• Any records relating to an employee’s experience of domestic violence (including related workplace incidents) to be stored securely with access limited to people who need to know

Return to DVFREE home page

Adrienne had worked for a large organisation for many years. She had been physically and emotionally abused by her husband for 20 years. He worked in the same complex, in a different department. She finally decided to leave. She knew about her employer’s domestic violence policy, so she talked to HR about her situation, knowing that she would be supported. HR referred her to the Shine Helpline, and immediately put in place a security plan. Her husband’s boss also instructed him that if he entered her department, he would potentially face instant dismissal. With support from her employer and from Shine, Adrienne managed to leave her husband and stay safe.

Jason worked as a waiter. His boyfriend became increasingly abusive after they moved in together. He beat up Jason on a regular basis, and left bruises where no one could see them. Jason rang Shine’s Helpline for support because his boyfriend was harassing him at work and he was in danger of losing his job. His boyfriend started by texting 20-30 times a day. After a few days, Jason stopped responding to every text, and his boyfriend began ringing 15-20 times a night. 

Other co-workers had to pick up the slack every time he took a call. Jason’s boyfriend occasionally came into the restaurant and sat at the bar keeping an eye on him, and once followed him into the kitchen to loudly accuse him of flirting with another employee. Jason’s boss told him that he needed to get his partner under control or risk losing his job. Jason was too ashamed to tell his boss what was going on at home, and thought his boss would not be supportive even if he told him. Although Shine was able to support Jason to leave his partner, the abuse at his workplace continued and some months later he was fired.

Anna was a highly skilled worker who got on well with her patients and colleagues, where she’d worked for 15 years. She began dating and moved in with a co-worker who soon became jealous, possessive and violent. Her boyfriend checked up on her at work throughout the day. She began coming in late or not at all. She was often preoccupied and forgetful. She was too ashamed to tell anyone what was going on, and feared she wouldn’t be believed. Her boss told her he didn’t want to lose her experience, but if she couldn’t improve her performance he would have to take action. This caused Anna greater stress and anxiety.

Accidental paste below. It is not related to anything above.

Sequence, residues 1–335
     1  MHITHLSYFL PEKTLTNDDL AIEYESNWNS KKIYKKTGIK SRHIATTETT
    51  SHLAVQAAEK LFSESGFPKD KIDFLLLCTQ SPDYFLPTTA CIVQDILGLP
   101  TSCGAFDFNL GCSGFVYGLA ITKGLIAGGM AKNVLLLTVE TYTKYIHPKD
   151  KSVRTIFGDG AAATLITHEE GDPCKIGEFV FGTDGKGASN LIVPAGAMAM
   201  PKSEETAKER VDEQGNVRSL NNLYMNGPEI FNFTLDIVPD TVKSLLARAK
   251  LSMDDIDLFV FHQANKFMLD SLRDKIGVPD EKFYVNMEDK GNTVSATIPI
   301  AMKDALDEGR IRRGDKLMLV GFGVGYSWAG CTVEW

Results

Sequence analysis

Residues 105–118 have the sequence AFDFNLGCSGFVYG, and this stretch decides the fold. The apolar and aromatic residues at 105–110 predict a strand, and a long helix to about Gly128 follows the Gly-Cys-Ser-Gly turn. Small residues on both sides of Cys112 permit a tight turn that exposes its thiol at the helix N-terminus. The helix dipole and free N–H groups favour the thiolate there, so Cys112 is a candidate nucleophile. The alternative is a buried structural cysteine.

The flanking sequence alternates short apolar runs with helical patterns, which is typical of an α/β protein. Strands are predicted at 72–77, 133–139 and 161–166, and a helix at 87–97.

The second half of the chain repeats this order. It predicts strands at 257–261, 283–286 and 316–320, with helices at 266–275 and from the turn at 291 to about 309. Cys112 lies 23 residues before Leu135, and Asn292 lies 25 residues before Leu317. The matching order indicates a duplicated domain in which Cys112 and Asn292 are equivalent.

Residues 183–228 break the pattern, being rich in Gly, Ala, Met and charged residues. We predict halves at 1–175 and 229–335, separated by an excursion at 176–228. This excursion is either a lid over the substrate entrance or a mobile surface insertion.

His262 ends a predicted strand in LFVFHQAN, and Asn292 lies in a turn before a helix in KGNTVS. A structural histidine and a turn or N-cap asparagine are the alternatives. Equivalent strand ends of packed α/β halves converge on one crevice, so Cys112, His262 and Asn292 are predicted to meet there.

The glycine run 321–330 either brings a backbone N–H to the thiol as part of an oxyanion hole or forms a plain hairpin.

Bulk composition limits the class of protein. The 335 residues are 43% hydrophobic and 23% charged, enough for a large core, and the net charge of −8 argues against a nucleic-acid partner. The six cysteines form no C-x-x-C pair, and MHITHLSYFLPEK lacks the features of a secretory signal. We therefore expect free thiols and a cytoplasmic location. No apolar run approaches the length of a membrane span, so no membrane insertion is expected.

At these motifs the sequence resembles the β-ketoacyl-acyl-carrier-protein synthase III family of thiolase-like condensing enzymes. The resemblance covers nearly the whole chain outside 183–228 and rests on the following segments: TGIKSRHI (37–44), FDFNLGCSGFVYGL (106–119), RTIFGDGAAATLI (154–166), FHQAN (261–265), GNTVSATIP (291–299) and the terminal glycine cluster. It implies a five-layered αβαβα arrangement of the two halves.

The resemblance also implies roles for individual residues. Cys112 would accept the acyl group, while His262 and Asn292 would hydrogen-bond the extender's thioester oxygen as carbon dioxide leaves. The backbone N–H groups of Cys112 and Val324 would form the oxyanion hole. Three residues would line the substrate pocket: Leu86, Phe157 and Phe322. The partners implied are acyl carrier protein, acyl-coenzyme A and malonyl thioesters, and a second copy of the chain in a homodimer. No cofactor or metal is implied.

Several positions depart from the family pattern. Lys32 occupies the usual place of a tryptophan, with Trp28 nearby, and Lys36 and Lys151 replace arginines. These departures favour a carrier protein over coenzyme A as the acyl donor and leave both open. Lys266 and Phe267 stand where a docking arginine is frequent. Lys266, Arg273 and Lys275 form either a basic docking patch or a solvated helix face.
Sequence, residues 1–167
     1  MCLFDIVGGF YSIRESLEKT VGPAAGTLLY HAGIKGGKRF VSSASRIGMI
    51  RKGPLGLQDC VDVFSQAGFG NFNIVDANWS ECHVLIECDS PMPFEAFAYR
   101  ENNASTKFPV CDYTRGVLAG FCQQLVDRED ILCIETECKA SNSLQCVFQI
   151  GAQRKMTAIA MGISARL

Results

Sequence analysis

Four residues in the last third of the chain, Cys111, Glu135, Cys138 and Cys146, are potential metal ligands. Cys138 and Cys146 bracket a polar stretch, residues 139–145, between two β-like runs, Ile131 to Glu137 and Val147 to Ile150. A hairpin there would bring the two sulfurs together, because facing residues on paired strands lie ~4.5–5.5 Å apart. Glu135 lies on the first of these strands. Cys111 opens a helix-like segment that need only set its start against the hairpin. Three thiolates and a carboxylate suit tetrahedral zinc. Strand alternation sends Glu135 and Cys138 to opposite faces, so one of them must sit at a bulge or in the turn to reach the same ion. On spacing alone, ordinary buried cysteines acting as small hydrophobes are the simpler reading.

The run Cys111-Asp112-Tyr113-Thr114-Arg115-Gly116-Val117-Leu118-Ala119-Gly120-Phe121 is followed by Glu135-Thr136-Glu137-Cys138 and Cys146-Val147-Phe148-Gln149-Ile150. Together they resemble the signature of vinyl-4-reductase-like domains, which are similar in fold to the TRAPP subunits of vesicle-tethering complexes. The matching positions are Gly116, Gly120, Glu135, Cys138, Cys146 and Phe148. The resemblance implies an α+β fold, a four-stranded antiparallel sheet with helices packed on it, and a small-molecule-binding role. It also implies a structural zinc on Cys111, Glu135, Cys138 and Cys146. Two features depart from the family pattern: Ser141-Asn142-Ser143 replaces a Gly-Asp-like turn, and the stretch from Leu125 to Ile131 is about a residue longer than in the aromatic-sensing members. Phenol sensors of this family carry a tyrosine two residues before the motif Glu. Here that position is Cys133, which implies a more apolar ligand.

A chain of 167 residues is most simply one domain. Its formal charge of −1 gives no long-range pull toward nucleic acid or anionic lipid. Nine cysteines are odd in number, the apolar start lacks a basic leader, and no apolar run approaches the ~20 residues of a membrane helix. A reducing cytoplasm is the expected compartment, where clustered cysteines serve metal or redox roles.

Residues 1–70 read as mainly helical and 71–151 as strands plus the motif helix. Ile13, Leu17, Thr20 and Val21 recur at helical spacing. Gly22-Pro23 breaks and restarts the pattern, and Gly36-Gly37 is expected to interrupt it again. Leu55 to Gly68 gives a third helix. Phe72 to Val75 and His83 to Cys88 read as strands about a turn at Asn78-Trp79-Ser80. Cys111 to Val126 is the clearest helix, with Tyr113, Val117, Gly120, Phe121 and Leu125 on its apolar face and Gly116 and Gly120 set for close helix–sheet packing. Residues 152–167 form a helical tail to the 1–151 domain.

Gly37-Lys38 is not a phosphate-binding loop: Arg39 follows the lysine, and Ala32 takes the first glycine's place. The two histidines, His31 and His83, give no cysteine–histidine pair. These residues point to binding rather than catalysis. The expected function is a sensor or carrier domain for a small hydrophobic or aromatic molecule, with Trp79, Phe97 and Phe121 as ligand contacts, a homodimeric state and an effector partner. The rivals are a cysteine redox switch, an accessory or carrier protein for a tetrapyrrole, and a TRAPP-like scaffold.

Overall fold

Eventually Anna was injured by her boyfriend, ended up in hospital and was referred to Shine. Shine helped Anna leave her boyfriend safely, but she felt terrified at work, never knowing when he would appear. Shine eventually helped Anne to relocate, which meant leaving her job. If she had been supported by her employer and kept safe at work, Anna may have found the strength to leave sooner, avoid injuries and an enormous amount of stress and trauma. She may have been able to keep her job and the organisation would have kept a highly skilled and experienced worker.

The manager of retail business got in touch with Shine to discuss his concerns that a valued employee was being abused and he didn’t know how to help. With coaching from Shine, he raised the issue with Donna, and offered to support her. He brought Donna to Shine where she shared her fear of leaving her partner because of his threats to kill her. Shine and her boss helped Donna put in place a number of safety strategies, including getting a Protection Order, serving her partner with a Trespass Notice for the workplace, moving her temporarily from front desk duties, making a photo of her partner available to her workmates so they could warn her if he came to the office, and accompanying her to and from her car.